's brother in afghanistan. any likely correction there? >> reporter: not clear. i rather doubt it, although this is a part of the world where two weeks ago we saw an attack on the intercontinental poe tell in kabul. this is a part of the world that is boiling up again, whether it's in afghanistan, pakistan, whether it's potentially in india. those three countries are all linked. the indians have ties in afghanistan. the pakistanis are worried that the indians are going to make inch roads into pakistan and afghanistan as the united states leaves the region. so, again, it's too soon to make any conclusions about what is going on but it is certainly time to start looking at not only india and pakistan, but pakistan and afghanistan, and what has now become a very tense relationship, certainly since the raid on osama bin laden is the u.s. pakistani relationship. jon: k kt mcfarland, depth con . we'll continue to watch this. the investigation just a couple of hours old. k. t., thank you. >> reporter: thank you, jon. jon: good morning to you on this wednesday. i'm jon scott. patti ann: and i'm pat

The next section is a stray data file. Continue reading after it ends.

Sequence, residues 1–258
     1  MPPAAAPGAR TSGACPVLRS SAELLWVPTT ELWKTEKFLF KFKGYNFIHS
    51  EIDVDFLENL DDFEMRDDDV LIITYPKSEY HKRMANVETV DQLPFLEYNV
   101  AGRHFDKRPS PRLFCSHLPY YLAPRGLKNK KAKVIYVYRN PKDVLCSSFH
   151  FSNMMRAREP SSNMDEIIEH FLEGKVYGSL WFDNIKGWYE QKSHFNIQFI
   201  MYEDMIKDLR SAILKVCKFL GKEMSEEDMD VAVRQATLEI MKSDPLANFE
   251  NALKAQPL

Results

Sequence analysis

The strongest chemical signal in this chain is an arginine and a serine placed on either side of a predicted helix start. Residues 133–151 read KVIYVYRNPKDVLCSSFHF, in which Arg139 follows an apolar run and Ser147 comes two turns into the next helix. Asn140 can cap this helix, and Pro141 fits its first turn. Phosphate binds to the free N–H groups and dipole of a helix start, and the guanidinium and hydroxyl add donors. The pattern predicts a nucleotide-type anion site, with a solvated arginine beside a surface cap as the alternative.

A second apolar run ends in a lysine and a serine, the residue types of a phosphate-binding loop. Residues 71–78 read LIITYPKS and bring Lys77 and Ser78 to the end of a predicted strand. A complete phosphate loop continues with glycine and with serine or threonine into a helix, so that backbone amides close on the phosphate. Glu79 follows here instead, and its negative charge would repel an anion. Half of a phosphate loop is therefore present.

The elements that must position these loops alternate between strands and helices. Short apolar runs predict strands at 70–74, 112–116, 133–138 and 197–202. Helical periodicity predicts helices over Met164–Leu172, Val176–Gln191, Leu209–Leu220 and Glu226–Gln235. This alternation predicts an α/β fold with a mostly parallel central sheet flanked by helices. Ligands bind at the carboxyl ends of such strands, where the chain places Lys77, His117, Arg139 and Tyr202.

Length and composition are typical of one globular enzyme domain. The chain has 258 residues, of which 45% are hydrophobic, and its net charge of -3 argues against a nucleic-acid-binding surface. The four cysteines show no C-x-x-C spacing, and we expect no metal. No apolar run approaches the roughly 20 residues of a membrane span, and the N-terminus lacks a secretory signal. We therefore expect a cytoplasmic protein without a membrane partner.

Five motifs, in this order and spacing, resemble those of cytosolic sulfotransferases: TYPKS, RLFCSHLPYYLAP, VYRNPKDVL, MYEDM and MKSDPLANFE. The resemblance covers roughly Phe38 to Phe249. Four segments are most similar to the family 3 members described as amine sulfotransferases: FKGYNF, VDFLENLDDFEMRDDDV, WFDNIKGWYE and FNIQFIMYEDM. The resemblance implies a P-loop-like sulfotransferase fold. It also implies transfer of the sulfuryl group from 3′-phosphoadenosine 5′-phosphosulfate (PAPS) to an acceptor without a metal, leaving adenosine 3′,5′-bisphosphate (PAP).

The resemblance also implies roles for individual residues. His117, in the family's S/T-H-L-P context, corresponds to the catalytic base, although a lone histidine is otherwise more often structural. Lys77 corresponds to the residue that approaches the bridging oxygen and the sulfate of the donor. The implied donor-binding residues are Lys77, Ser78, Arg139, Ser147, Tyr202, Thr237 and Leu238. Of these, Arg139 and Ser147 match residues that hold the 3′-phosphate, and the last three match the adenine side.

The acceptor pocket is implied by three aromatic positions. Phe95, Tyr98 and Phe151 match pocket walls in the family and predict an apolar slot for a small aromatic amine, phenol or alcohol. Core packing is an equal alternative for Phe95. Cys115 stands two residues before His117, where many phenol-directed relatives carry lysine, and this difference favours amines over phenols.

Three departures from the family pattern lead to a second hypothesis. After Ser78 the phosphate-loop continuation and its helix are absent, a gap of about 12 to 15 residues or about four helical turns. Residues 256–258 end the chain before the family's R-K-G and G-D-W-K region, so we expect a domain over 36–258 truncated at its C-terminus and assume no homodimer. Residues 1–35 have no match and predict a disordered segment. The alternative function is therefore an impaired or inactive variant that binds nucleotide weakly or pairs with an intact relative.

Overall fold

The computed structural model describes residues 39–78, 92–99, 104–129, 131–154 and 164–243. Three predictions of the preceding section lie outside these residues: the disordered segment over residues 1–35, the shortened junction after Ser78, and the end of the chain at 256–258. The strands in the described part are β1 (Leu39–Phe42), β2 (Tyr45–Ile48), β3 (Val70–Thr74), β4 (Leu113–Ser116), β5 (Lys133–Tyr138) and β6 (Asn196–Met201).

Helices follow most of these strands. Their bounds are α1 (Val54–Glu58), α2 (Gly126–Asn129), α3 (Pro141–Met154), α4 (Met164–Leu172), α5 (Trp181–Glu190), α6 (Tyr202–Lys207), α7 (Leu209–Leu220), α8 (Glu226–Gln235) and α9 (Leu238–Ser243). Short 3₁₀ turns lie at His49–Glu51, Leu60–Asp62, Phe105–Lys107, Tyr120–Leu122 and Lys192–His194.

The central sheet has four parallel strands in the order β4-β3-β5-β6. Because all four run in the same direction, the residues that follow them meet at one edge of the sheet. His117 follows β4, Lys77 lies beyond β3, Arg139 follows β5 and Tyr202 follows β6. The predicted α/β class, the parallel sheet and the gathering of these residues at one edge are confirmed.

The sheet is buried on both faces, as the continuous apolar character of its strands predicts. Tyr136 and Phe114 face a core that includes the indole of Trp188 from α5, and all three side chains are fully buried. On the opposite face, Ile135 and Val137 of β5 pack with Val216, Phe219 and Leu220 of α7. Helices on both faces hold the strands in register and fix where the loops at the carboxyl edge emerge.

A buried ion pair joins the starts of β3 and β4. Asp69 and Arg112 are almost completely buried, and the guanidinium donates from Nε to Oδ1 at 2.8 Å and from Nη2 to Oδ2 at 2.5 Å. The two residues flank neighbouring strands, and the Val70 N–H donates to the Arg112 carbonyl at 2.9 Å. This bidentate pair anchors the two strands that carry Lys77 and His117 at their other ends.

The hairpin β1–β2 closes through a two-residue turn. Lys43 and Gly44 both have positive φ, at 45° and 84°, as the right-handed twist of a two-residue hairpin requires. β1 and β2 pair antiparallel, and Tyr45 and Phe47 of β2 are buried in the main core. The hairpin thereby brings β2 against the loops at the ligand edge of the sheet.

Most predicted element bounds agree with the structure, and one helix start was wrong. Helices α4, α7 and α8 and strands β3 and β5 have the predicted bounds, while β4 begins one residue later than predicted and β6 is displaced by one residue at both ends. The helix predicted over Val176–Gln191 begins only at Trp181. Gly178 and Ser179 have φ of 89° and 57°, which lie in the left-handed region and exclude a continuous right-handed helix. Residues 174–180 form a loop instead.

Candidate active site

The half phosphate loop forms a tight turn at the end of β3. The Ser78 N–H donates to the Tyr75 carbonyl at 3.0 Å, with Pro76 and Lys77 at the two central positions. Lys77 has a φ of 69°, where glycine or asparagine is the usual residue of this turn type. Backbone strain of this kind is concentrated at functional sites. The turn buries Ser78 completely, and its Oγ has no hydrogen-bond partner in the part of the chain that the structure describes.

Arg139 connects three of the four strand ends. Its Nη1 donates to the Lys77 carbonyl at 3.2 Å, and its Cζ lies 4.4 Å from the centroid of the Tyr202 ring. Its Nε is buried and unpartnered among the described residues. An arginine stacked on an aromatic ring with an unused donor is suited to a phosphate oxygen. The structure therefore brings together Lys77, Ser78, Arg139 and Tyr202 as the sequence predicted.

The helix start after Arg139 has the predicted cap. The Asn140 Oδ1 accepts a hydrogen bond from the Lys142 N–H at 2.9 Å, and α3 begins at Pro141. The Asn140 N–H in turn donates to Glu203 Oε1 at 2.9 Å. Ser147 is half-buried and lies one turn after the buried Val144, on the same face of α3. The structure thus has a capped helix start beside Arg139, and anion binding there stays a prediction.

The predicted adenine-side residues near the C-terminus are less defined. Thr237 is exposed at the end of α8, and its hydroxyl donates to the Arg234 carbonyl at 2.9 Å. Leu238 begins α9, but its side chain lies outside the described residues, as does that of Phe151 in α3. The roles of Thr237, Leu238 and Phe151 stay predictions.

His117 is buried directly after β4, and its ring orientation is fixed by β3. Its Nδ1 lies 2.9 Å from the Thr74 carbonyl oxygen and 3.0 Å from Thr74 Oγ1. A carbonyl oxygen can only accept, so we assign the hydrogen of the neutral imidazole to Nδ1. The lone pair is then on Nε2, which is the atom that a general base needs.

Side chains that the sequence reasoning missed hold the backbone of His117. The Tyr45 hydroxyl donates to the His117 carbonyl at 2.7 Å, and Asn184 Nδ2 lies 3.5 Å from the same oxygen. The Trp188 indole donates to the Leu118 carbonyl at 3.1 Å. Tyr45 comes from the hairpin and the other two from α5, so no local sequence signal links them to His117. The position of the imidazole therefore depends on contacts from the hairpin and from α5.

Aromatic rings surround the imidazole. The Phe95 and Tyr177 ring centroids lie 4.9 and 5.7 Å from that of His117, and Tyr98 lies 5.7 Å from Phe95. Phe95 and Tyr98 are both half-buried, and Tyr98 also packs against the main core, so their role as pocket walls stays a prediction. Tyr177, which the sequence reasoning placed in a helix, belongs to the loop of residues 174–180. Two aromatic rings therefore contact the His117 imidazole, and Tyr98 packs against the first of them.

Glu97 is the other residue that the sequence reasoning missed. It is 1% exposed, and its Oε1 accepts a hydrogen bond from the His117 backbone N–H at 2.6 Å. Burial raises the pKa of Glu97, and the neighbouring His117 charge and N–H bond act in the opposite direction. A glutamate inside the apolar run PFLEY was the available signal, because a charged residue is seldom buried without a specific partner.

afghanistan but they are over in the other places, somalia and arabian peninsula? >> that's right. actually this is a testament to bin laden's plan for the al qaeda network. he created a more diffuse network after the united states began to crack down on al qaeda in late 1990s. you saw rise of al qaeda in north africa and al shaback in east africa. al qaeda in iraq done great damage to u.s. forces. the taliban was once a government but relegated to affiliate movement of al qaeda. what you have a is number of organizations sort of franchises of al qaeda that continue to grow and thrive while we have focused in on the core as we called it. now i think after the death of bin laden in early may, i think we were able to get a lot of intelligence. we've gone after a lot of the other high-level officials within al qaeda and obviously this drone campaign been ongoing in pakistan and some cases yemen, we've taken out something like 1200 fighters from al qaeda including senior leaders. jon: right. >> this is all good news. but again the ideology of radical islam lives on and so do these affiliate gro